- Private sector innovators need to pay attention to changes in government policy and ensure that their business models and service offerings support public sector organisations in meeting their objectives. Investors and entrepreneurs also highlighted that it is important to learn from success cases in other countries with vibrant innovative service delivery ecosystems such as Kenya, India, and Bangladesh, and adapt relevant models to Pakistan’s context.
- The government needs to provide long-term policy certainty and make affordable, reliable, safe, and sustainable urban utility service provision a priority, while encouraging public sector institutions to actively pursue partnerships to close the service gap.
- Funders and investors need to make long-term investments in the clean-tech ecosystem rather than look for quick exits. These long-term investments will give confidence to the ecosystem and improve its overall health attracting more investments.
We would like to thank all the attendees, the panellists and the organisers for their time and valuable insights. for any inquires contact Arham Shoukat, Senior Market Engagement Manager APAC, at email@example.com.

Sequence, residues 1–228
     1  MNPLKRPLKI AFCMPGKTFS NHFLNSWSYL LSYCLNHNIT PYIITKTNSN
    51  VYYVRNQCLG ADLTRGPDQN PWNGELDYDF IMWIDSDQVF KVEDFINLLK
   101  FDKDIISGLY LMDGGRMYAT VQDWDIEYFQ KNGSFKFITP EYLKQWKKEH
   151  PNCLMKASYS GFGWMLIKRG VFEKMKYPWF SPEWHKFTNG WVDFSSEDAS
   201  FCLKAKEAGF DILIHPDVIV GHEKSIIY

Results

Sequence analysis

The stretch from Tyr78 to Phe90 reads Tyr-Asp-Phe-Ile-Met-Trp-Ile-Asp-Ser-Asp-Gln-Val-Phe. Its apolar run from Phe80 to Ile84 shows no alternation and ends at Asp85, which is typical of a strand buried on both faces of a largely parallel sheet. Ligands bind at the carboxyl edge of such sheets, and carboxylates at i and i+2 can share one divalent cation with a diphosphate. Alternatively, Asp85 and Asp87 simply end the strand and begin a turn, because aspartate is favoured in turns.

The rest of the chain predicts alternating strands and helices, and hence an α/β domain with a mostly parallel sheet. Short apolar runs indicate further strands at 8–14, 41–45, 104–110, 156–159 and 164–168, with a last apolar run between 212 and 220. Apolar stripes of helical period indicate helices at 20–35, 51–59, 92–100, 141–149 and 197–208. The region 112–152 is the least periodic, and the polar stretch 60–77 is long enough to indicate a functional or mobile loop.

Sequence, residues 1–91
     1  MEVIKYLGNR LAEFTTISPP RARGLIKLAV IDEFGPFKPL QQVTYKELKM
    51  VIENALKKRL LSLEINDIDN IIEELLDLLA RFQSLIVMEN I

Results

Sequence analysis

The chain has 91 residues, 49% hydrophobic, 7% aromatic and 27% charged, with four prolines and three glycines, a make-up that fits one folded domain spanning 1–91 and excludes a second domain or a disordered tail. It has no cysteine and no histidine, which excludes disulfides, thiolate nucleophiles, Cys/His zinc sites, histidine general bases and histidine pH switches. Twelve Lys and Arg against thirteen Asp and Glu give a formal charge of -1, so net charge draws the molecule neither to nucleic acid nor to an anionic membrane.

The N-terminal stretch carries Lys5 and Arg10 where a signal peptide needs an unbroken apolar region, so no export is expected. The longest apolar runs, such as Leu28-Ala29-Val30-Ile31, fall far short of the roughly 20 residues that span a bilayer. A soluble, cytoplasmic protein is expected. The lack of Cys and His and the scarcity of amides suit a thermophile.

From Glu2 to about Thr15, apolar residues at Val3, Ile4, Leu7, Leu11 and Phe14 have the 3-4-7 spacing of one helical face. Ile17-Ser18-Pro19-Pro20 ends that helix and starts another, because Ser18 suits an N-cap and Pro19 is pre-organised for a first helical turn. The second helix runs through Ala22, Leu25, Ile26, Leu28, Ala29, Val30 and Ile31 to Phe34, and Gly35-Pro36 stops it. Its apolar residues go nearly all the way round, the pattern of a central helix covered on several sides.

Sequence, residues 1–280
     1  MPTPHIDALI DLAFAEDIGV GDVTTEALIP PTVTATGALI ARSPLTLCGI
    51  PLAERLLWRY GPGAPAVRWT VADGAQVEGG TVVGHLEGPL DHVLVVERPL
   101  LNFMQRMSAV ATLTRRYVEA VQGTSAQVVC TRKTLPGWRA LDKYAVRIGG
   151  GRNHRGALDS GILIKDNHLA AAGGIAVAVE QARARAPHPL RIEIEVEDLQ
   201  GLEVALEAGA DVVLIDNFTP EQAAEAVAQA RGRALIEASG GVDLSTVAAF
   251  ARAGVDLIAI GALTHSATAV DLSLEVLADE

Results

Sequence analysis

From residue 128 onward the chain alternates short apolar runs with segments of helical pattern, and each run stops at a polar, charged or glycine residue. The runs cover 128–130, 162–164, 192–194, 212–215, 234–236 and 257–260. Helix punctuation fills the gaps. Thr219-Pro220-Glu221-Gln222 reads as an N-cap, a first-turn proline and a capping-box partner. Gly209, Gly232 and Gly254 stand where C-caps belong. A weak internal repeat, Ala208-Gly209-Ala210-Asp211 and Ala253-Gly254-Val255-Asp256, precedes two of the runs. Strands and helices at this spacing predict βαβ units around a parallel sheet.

In the meantime, make sure to keep an eye out on some exciting start-up initiatives in urban utility service delivery in Pakistan:
- Project Ujala by K-Electric – a multi-year journey to improve the network resilience and quality of service to customers by reducing losses through an integrated programme of community investment, network improvements and smart meter deployment;
- Water Smart Meter Induction In Lahore by WASA – deployment program of water meters in Punjab to monitor loss of non-revenue water; and
- Smart Village by USF- model village where proof of concepts of digital utilities will be implemented; and
- Pakistan Tech Startup Funding Program by Ignite Technology Fund – a government sponsored fund supporting investments in start-ups.
The Digital Utilities programme is funded by the UK Foreign, Commonwealth & Development Office (FCDO), and supported by the GSMA and its members.